Is it good grammar?
Is it good spelling?
Is it good punctuation?
Actually I don't think so.
In my personal opinion, good writing is less about the technicalities of the writing, and more about the factors listed below.
So let's explore what makes a good writer!
By and far one of the most important things a great writer will have is a plethora of life experiences.
Why does this matter? You can still write a ton of stuff with limited life experiences!
Someone who has a wider range of life experiences can draw from so many different fields, experiences, people, ideas, and different perspectives.
Some of the most famous writers of all time like Hemingway, Mark Twain, and Benjamin Franklin had crazily interesting lives!!
They weren't simply better at writing down words than everyone else, they simply had a broader range of subject matter to draw on.
If you have lived a life full of experiences, you will have more to write about, and more knowledge to impart on others.
Usually people who are great writers are into multiple things.
Comedian Bill Burr credits having multiple hobbies with keeping his comedy material fresh:
- He does stand up comedy.
- He travels all over.
- He became a helicopter pilot.
- He got really interested in cigars.
- He learned to play the drums at a professional level.
Having all these different areas of expertise allows him to draw from a much wider range of knowledge.
Having multiple skills is important in nearly every profession, and can make you a solid Triple Threat. Being a Triple Threat is also extremely beneficial in making a good writer.
A lot of people come to me wanting to become a copywriter, but they are secretly just trying to find an extra source of income.
They don't actually like writing, they just like money.
Most great writers will write even for free. In fact many of them have been writing for years and years without the expectation of income from it.
If someone at a conference asks me, "Do you think I can become a copywriter?"
I simply reply with this question:
"Have you published at least one article in the last year on any platform?"
If yes: "You actually have a shot at becoming a writer!"
If no: "You probably won't enjoy writing all the time."
Most great writers have this weird compulsion to write. They'll write in a journal, they'll write in a diary, they'll write on loose leaf paper, they'll write in a Word Doc, they'll write on a personal blog.
A 16 year old girl that's been writing a personal blog for several years has a better chance of becoming a good writer than a business person wanting to get traffic to some content he puts out. This is because someone writing because they love it, or they MUST do it will persevere longer when an article gets tough.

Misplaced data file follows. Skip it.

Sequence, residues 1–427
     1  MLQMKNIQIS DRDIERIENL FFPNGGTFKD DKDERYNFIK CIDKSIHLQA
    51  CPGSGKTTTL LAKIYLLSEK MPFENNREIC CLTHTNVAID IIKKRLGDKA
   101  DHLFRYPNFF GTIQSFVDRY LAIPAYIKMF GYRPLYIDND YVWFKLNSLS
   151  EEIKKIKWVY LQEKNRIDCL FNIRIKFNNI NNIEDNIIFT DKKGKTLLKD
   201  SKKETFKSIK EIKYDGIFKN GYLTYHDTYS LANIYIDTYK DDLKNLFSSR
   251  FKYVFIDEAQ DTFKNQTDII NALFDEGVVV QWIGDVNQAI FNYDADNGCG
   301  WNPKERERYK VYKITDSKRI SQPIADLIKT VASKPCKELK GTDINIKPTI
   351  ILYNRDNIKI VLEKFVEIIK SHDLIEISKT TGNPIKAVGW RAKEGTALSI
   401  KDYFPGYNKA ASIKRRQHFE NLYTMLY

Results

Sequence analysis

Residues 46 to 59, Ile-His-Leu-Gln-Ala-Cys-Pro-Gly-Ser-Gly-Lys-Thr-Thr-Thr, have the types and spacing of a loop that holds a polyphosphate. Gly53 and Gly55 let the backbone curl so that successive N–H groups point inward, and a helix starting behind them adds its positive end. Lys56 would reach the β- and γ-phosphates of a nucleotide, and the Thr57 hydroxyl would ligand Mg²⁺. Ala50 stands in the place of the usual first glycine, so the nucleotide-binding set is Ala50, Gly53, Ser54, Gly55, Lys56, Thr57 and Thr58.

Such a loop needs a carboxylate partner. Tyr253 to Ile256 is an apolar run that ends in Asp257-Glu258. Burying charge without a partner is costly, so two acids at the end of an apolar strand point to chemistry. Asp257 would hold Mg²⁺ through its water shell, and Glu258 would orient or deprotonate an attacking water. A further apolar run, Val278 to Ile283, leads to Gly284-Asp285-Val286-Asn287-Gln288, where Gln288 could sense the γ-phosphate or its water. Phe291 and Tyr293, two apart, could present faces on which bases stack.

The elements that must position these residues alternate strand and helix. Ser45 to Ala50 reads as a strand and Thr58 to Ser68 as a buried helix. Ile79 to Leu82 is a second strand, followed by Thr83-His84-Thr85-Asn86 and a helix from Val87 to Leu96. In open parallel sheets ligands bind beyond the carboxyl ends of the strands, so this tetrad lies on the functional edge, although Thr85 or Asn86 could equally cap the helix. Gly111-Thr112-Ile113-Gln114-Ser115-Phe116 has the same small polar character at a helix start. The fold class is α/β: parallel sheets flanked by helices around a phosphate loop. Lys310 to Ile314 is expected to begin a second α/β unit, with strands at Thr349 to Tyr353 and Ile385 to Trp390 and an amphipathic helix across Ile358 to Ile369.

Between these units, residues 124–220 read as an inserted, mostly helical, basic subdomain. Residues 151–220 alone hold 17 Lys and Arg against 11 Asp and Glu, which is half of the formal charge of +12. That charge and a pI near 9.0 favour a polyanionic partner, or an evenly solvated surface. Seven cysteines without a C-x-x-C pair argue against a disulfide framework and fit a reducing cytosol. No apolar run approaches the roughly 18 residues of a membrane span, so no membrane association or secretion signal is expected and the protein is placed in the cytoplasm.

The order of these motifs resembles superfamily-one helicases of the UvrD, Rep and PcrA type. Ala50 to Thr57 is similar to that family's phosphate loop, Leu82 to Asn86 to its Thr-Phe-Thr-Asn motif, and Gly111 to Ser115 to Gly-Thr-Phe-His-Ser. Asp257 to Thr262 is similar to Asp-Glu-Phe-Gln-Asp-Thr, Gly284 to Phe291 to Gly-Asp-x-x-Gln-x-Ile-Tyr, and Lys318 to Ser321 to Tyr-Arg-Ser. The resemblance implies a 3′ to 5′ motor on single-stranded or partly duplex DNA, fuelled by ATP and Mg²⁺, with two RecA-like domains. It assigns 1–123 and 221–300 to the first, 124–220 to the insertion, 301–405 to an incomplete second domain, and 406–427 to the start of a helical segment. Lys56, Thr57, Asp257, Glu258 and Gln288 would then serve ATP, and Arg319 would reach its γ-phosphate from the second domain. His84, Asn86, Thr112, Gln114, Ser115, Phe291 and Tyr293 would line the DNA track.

My friend Linda has been writing since before "food blogging" was a thing. She wrote about what she loved for YEARS and slowly built up a following.
Editing, proofreading, finalizing, etc are almost always not that fun. That's a given.
However if you at least love the process of STARTING an article, you might have a shot at becoming a good writer.
There's something kind of exciting about finding a topic to write about, then brain-dumping everything onto the page, then organizing your thoughts. You can see this process in action here
Of course by the time the article starts getting long and you have to put finishing touches on it, it's totally normal to absolutely hate writing at that moment!
Many people start writing because it either helps them think or helps them calm down.
However if writing hella stresses you out....it may not be a great option.
I fall in the camp of writing helps me think. My brain is so dumb that I can't keep much information in there at once, ergo I must write down my thoughts to think clearly.
There's also a large amount of people who start or end their day by writing in some sort of journal. This is therapeutic for many people, and helps "organize and reflect" on each day. People who get this sort of benefit from writing have a shot at being a good writer.
A lot of content generation nowadays is just a writer Googling a subject and condensing the knowledge from the top posts into their own post.
While there's some value in summarizing other content, the content that does well over time is something that adds new knowledge to humanity.
Here's some content examples that've brought the author lots of attention, links, and money:
- 1,000 True Fans (created the concept that you don't need a large audience, but a loyal audience)
- Elon Musk AI (laid out what Artificial Intelligence is in a different way than anyone else)
- Writing Taglines (proposed a different way of creating a tagline than others).
These are seminal pieces of work that even years later bring in massive amounts of readership.
They stand out because they bring fresh and unique perspectives to existing topics.
Have you ever built a complicated piece of IKEA furniture? And at the end of the process you get this strange inner feeling of accomplishment?
That's how I feel whenever I complete an article.
I may be completely fed up with writing the damn thing by that point, but it still gives me a sense of accomplishment that I took a bunch of raw ingredients and created a finished product.
As a writer you'll have to publicize your work to the world. Is this something you're willing to do?
Some people are.
Some people are not.
Either way is fine, but if you want to be a good writer, it's likely you'll have to subject yourself to public scrutiny.
I think curiosity might be one of the biggest factors of all for a good writer.
Good writers like to explore.
Good writers like to poke and prod an issue.
Good writers like to break down complex ideas into simple chunks.